The record shows that the mother’s income was approximately $14,500 in 1988 and $9,800 in 1989. She testified that since 1980 she has received $36 per week in child support from the father.

The son testified that he graduated from high school in the spring of 1990 with a grade-point average of 3.2 on a 4.0 scale. During his senior year he worked 30 hours per week at a dairy, and at the time of the trial, he continued to work there part-time. In the fall of 1990, he entered Northwest Alabama Community College (Northwest), a state junior college. He attended Northwest for one quarter and was enrolled in four courses, completing three and dropping one while earning a 2.2 grade-point average. Testimony indicated that tuition at Northwest is approximately $300 per quarter, while total expenses, including books, were estimated to be $500 every quarter. The son, who received financial aid from a Pell Grant while attending Northwest, testified that he wants to attend college and that, except for his inability to pay tuition, he is eligible to attend next quarter’s classes at Northwest.

Bayliss clearly specifies those factors that shall, and those that may, be considered by the trial court in awarding support for post-minority college education. The father contends that the trial court erred in granting post-minority support because, he claims, its decision is contrary to the standards set out in Bayliss.

As established in Bayliss, a primary factor to be considered by the trial court is the financial resources of the parents. As to the father, we find that his financial history indicates an ability to assist, at least in a limited way, in his son’s college education. While the father testified about a possible precipitous drop in his income that may result from impending cutbacks by his employer, the impact of such cutbacks, if it does affect the father’s wages, is not yet before us. In considering the comparative financial resources of the parties, we note that the mother’s income is substantially lower than the father’s. The mother testified that she has no present savings.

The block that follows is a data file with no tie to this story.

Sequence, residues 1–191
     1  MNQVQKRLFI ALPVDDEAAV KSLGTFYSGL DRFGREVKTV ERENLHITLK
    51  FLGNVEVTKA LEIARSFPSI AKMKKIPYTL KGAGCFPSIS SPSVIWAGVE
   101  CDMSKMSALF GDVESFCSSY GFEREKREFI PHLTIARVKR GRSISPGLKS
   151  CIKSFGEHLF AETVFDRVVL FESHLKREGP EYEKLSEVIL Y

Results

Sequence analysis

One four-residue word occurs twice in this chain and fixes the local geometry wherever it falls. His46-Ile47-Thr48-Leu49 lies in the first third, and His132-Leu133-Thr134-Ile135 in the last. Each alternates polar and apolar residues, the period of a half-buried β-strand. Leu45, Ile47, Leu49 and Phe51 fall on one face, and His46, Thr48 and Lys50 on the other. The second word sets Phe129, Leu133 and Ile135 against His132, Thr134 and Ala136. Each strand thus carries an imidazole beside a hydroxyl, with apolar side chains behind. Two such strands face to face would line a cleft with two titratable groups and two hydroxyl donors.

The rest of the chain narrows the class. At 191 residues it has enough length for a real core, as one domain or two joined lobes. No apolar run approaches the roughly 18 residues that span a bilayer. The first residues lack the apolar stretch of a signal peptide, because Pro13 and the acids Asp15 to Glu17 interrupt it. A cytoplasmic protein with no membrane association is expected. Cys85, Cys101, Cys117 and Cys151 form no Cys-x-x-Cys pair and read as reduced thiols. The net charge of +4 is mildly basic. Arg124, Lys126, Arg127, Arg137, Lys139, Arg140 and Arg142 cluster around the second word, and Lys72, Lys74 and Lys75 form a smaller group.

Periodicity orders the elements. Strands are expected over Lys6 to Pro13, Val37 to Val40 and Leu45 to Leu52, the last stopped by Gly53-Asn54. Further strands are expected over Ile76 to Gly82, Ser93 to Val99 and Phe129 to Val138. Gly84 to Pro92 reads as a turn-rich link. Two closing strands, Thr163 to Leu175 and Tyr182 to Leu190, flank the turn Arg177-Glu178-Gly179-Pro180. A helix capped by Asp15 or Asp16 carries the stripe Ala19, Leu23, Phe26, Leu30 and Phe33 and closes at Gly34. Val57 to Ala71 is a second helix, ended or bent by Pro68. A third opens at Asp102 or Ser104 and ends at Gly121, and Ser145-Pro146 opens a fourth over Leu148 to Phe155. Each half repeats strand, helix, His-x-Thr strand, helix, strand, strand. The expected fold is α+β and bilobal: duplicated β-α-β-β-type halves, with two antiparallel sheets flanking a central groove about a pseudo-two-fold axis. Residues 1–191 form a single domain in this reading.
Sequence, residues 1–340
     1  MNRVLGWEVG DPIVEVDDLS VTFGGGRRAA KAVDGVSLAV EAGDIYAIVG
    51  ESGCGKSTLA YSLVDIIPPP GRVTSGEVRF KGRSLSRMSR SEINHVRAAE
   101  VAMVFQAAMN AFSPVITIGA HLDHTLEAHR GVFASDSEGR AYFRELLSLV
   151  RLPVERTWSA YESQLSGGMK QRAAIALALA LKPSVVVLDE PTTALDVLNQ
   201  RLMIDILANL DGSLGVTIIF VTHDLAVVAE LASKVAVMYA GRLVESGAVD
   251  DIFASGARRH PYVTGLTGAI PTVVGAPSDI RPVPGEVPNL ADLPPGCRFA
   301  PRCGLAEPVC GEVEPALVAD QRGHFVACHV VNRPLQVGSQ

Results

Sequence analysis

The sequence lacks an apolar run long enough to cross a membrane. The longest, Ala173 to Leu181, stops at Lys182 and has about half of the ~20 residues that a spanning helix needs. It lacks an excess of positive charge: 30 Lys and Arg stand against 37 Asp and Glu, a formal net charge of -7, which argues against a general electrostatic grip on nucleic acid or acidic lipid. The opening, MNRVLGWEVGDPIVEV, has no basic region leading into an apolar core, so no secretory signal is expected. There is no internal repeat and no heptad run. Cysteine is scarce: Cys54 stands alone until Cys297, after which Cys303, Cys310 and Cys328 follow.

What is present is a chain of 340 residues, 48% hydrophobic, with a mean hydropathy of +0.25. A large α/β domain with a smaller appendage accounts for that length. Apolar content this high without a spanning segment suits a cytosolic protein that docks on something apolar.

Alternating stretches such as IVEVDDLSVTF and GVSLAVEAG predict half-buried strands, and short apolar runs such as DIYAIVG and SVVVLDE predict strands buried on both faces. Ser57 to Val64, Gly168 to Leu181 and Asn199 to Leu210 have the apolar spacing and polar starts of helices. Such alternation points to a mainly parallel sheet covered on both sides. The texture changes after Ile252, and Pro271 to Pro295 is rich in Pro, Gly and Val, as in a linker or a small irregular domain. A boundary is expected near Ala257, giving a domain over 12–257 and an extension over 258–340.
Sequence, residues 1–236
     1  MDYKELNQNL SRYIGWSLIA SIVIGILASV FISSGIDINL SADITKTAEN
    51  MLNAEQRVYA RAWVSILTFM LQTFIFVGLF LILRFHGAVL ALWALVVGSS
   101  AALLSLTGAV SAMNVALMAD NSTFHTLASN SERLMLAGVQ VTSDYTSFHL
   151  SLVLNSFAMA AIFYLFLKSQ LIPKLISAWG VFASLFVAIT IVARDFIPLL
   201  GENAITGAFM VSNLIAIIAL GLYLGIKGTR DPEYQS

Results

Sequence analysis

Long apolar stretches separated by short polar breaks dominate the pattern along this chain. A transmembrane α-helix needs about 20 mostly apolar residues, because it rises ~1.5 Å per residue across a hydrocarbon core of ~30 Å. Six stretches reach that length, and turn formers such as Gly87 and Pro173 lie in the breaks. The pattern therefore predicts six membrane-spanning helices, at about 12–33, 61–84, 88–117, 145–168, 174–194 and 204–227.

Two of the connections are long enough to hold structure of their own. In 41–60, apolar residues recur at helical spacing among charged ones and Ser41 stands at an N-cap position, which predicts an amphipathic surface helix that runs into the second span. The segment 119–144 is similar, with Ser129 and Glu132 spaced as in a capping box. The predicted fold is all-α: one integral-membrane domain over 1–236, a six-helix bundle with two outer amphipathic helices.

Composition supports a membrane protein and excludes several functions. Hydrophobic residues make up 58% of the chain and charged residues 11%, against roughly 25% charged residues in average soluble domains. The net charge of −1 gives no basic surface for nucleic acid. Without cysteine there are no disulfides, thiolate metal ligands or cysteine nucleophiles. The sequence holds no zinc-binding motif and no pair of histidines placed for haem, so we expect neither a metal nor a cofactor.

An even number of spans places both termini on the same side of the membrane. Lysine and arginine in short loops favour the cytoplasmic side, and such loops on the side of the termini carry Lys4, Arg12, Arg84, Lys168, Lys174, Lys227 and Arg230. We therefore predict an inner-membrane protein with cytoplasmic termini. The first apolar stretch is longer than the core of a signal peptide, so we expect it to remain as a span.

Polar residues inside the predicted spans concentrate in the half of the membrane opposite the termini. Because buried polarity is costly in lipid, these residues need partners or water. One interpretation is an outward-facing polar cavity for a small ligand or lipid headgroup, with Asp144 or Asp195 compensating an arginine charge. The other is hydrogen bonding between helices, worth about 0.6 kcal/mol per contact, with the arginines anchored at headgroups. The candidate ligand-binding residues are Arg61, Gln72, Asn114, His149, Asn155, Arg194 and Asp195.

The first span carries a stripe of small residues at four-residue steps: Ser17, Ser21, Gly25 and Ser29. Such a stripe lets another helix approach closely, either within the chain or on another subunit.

The trial court must next consider the child’s commitment to, and aptitude for, the requested education. We find that aptitude means an ability to comprehend the course subject matter in such a way as to make at least average grades upon examination. The son’s high school grades clearly evidenced his aptitude for a college education. However, after one quarter at Northwest, he has demonstrated only a marginal commitment to, and aptitude for, the requested education, and this is a matter of at least some concern. He earned an “A” in an introductory course in computers and “Cs” in English and mathematics; he dropped a biology class, finishing his first quarter with a cumulative average of a low “C.” We are unable to determine from thePage 412
record why he dropped the biology class and whether he was passing at the time. There was no indication at trial of any circumstances that might have created special hardships for the son during his first quarter at Northwest. We must note, however, that we recognize that the adjustment from high school to college is frequently difficult at first and that a student’s initial efforts in his college course work are often not indicative of the academic success he might later experience.